KANDAHAR, Afghanistan — Homa Yusafzai felt terrible. Her weight was up, she had diabetes and high blood pressure, and at just 27 she felt lethargic and depressed.
Then she heard that Kandahar’s first health club for women had just opened — the miracle she had been waiting for, she thought. Her husband at first refused to let her join. Kandahar is a deeply conservative city, a former headquarters of the Taliban where men still dictate the most prosaic details of women’s lives.
But ultimately, he relented, and Ms. Yusafzai now works out six days a week, straining through hand-weight repetitions and pounding a treadmill. In six months, she said, she had shed almost 50 pounds, lowered her blood pressure and brought her diabetes under control.
“I feel so healthy and I have more energy — I’m so happy,” she said as she rested between workouts.
The health club was opened late last year by Maryam Durani, 36, an indomitable women’s rights advocate who has survived two suicide bombings, an assassination attempt and countless death threats — not to mention harsh public condemnation for opening the club.
The gym has survived, tucked away in a windowless basement inside a locked compound, shielded from prying eyes. It is the latest addition to the Khadija Kubra Women’s Association, run by Ms. Durani with her father’s help since 2004. It includes a radio station, English and literacy classes for women, an Islamic school and a seamstress center that sells clothing made by women.
It is rare for Afghan women to exercise, though several women’s health clubs and even two women’s swimming pools have opened in Kabul, the capital. But in conservative strongholds like Kandahar, many men disapprove of women trying to take control of their own bodies.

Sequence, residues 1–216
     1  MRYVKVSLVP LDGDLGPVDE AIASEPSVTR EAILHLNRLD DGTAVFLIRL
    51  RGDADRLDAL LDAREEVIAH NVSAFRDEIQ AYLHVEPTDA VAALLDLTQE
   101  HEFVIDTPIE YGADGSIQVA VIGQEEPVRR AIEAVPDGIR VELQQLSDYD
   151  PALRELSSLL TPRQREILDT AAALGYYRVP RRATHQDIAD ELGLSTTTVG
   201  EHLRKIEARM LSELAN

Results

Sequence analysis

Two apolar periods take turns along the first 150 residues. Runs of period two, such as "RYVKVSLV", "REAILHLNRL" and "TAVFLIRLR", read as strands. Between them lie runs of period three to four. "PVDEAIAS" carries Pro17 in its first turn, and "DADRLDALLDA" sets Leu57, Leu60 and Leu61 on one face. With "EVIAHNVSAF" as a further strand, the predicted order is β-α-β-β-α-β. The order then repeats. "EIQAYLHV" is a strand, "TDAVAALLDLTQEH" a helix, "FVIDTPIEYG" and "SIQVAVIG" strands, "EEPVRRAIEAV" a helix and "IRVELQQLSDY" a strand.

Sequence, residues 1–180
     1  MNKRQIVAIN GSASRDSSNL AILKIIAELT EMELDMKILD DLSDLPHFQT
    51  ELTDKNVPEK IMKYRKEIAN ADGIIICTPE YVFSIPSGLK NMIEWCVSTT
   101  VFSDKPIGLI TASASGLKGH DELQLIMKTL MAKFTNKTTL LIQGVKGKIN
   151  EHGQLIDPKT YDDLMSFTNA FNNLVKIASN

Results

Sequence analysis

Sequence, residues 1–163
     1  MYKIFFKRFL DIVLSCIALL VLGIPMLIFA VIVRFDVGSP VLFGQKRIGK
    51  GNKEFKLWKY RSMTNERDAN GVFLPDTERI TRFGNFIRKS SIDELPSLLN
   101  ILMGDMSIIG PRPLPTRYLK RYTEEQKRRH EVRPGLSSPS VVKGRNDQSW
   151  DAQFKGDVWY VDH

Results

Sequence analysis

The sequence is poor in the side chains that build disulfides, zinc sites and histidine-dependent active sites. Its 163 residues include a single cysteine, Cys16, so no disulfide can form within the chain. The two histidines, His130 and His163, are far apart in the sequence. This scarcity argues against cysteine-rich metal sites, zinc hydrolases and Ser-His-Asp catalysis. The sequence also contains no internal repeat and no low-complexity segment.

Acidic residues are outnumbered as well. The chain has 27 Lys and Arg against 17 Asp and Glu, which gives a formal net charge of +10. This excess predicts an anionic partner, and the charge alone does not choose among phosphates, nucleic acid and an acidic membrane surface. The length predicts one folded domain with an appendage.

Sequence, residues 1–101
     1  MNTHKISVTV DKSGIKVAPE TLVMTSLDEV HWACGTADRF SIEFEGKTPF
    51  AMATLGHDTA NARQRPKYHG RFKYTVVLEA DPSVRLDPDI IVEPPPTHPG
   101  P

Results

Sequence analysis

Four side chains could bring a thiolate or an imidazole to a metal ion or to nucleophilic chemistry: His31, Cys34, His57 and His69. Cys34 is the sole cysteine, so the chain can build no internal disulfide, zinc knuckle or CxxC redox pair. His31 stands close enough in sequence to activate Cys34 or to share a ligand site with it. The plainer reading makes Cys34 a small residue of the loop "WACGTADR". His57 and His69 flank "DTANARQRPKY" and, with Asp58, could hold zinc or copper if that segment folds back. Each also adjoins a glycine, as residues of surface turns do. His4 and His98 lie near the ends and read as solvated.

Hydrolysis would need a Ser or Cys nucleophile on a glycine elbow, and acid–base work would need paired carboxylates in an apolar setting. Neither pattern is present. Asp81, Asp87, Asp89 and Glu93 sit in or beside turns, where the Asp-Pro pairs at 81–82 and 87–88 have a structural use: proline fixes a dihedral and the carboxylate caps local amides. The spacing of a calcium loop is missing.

“Kandahar is a very difficult environment for women,” Ms. Durani said. “We have to be careful and discreet.”
She added: “The club is as much for women’s mental health as their physical health. Almost every woman who comes here is depressed.”
Roughly 40 percent of club members exercise secretly, hiding workouts from their families, Ms. Durani said. Membership had dropped from 60 in the spring to 30 now, because of a three-month coronavirus closure and because some women feared their families would discover their secret workouts.
“My father and brothers said they would kill me if I went to a health club,” said one gym member, who asked to be identified only by her nickname, Tamana.
Tamana, 33, was dressed in white robes traditionally worn for studying the Quran at a madrasa — the excuse she gives her family for leaving home to exercise at the club two hours a day, six days a week. She changes into workout clothes at the gym, hitting the treadmill, stationary bike and hand weights.
“I’m not doing anything wrong or shameful,” Tamana said. “In fact, it’s something that’s made me a happier and healthier person.”
But the gym is constantly in jeopardy. Soon after it opened, it was deluged with